Headlines, statistics and news reports from the Middle East have now become a daily part of our lives back home. But behind those numbers and statistics are real families just like yours—real families who have sacrificed what can never be measured. "While we're going about our daily lives and daily routines and shopping and taking care of our children, there are people who are sacrificing so that we can have the safety and security that we all share," Oprah says.
After the inauguration of President Barack Obama, Oprah visited the Walter Reed Army Medical Center in Washington, D.C. There, our most critically injured soldiers and their families receive the treatment they need to start rebuilding their lives. "I consider it a privilege to bring you some of their stories today," Oprah says. "I'm so moved by the sacrifice of every soldier, and those of you at Walter Reed who took the time to talk to me, thank you so much."
To everyone in the military, Oprah has a simple message: "We lift you up, and we hold you in our prayers."
Watch Travis tell his story.
The 25-year-old from Cedar City, Utah, was hit by three anti-tank mines while on a recovery mission. "The blast went through the hull of my wrecker and penetrated through," he says. "I was trying to scream, but I couldn't because it hurt really bad. I remember the fire around me. I don't really remember getting loaded into the helicopter, but I remember looking at the guy inside the helicopter, trying to take my breathing mask off because I felt like I was suffocating. And then after that, I lapsed into a coma and then I was out for, like, 12 days."
The injuries Travis sustained were severe. "My pelvis was crushed in multiple places. I broke three vertebrae in my back. I broke three ribs—one rib punctured my right lung. Broke my sternum. My right hip got shredded from shrapnel," he says.
On January 19, Travis woke up at Walter Reed, where he's been ever since with his wife, Stephanie, and 4-year-old daughter, Madeline, by his side. "Half her life she's been here at Walter Reed," Travis says.
Despite the challenges he faces, Travis remains optimistic. "We just got done with our 84th surgery, and it was a breeze for us. It's more like riding a bike now, you know?" he says.
Stephanie agrees. "You learn to adjust. There are days where you do despair and the only way you can get through it is through a higher power. Just that's the only way—and my sweet little angel [Madeline]."
"When it happened, I knew right then. It was kind of like I looked down [and thought], 'Oh, my leg's gone,' and my hand was over here and I reached over to grab my leg and, like, 'Oh, some of my fingers are gone,'" he says. "And it's like, 'Well, it's not there. I'm going to have to live without and go from there.'"
In November, the 34-year-old was awarded the Purple Heart for his actions, and he has been recovering at Walter Reed since his injury. By his side are his wife, Oxana, and their 3-year-old daughter, Zoya.
Once Kelly realized how badly he was injured, he says he could only think about his younger brother. "He was over there with me. So as they put me on the helicopter, he was at another base than they were taking me to, so I asked them to make sure he was there as soon as I got there," Kelly says. "He was the first one in my family to meet me and greet me and be with me for a few days."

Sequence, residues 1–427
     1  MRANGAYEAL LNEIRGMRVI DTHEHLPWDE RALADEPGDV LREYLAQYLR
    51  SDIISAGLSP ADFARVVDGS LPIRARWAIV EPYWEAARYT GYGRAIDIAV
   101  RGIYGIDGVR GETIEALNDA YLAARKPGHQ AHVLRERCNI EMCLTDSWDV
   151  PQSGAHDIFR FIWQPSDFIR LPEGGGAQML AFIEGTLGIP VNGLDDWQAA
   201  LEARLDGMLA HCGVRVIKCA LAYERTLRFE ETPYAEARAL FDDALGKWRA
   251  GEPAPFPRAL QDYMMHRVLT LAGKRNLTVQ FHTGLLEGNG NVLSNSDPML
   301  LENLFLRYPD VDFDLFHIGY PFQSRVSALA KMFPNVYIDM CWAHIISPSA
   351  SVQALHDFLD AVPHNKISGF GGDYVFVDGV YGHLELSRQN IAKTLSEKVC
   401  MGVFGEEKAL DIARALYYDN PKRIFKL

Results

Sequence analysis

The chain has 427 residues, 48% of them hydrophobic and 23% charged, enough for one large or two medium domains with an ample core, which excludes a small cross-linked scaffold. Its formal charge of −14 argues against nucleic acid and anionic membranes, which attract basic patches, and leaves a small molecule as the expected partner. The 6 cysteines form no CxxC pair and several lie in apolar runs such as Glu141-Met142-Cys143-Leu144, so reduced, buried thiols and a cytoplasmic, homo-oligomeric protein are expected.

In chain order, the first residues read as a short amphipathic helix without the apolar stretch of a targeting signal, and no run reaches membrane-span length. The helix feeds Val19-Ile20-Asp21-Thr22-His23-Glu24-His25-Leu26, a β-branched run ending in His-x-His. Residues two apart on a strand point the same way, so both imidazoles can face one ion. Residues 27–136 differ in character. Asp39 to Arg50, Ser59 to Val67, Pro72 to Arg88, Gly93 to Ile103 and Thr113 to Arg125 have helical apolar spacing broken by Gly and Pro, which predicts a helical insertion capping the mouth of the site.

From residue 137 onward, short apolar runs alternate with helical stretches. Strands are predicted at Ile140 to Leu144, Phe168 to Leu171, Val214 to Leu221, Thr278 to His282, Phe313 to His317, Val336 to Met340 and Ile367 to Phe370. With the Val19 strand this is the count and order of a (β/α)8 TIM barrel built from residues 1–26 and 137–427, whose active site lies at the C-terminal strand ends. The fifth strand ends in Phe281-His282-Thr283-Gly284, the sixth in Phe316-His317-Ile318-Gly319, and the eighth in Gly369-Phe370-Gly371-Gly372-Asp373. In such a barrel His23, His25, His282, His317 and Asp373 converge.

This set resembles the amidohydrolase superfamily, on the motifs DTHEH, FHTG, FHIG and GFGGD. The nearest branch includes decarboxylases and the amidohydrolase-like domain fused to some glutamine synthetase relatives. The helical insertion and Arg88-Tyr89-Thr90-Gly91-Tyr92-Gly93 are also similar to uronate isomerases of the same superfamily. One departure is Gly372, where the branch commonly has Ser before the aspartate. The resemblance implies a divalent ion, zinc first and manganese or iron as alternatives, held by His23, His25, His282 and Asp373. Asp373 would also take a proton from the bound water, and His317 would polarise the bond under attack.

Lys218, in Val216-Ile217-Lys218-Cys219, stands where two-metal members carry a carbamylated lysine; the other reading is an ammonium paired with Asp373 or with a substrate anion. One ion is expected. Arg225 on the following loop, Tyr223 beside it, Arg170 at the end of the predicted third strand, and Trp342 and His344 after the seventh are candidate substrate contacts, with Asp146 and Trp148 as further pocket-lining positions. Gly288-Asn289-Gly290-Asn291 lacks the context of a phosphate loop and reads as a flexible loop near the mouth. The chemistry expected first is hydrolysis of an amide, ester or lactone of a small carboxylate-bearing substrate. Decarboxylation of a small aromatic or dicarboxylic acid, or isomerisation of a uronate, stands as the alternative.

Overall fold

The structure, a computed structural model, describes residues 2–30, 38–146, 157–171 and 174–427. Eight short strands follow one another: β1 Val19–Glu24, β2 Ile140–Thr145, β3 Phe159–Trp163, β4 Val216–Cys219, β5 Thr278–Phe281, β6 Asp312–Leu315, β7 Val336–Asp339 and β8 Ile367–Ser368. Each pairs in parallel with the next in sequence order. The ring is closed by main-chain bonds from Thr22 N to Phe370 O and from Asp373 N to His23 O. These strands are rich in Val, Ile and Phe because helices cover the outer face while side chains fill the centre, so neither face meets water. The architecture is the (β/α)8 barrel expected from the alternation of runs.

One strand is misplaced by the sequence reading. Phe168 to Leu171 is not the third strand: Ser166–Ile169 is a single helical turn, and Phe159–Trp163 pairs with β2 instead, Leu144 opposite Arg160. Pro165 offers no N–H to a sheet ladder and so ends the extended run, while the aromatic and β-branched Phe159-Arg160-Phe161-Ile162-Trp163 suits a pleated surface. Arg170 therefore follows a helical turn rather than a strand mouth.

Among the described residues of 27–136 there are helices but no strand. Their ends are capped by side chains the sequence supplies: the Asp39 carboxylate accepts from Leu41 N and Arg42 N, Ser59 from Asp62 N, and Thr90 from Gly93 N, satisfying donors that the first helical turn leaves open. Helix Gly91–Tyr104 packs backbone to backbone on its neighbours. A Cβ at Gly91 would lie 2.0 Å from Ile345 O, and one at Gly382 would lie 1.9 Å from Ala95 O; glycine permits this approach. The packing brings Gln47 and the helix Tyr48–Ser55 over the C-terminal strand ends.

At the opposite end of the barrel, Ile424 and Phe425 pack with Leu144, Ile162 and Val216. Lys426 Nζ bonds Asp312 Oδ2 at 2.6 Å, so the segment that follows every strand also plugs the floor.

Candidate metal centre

Now that he's stateside, Kelly says he worries about his brother serving overseas. Still, he's grateful his brother was there when he needed him most. "I thought, of course, [with him] being the younger brother, that I would be taking care of him," Kelly says. "But he took care of me for a few days."
Johnathan hasn't let that day—or his injury—hold him back. Just one year after his injury, he finished the New York City marathon. "Even at work sometimes when I got promoted, a lot of people didn't know I was an amputee until it was told at the promotion ceremony," he says. "I think that just shows the type of help I've gotten here."
But his road to recovery wasn't always easy, and Johnathan shares his own struggles with the men and women who are working through their own recoveries. "I think I went through depression," he says. "And even now I still have days where I'm happy, I'm sad, but I've learned to try to deal with it and press forward."
Watch Johnathan describe his journey.
There's one thing Johnathan tells every wounded soldier to do—cry. "You have to cry and let it go. And from there, you'll be so surprised at how much stronger you can get and just overcome a lot of things you go through," he says. "Sometimes it's easier when you talk to someone who has kind of been through what you're going through. So when I tell him I cry—and I cried for many nights—he can say, 'You know, I did the same thing.' And I cry by myself, you know."
Through it all, Johnathan strongly believes everyone is alive for a reason. "November 10, 2004—that could have been it. I think we all have a purpose," Johnathan says. "And so I don't look at that as a day of hurt or a day of sorrow, you know. I look at it as a day of celebration because I'm still here."
Meeting officers like Johnathan, Juan says, helps to show him what he can achieve. "My experience here has been a little frustrating because everybody's injuries are different. So sometimes I do go through depression seeing other guys on the parallel bars taking their first steps and me still being on a mat," he says. "But I'm going to get there."
On December 21, 2007, Major Bruce Gannaway was serving his second tour in Iraq when he stepped on a roadside bomb. "I remember a flash of light at my feet and feeling a lot of heat and falling over. And then I felt a big wave of pain," he says. Bruce had lost his left foot and his left middle finger. His left forearm had to be plated, and shrapnel had nicked the femoral vein in his right thigh.
Since their Christmas Day reunion, Bruce and Sarah have lived at Walter Reed with their 2-year-old daughter, Helen Grace. "Helen Grace was 11 months old when Bruce was injured," Sarah says. "She's not going to have a memory of her dad having two legs."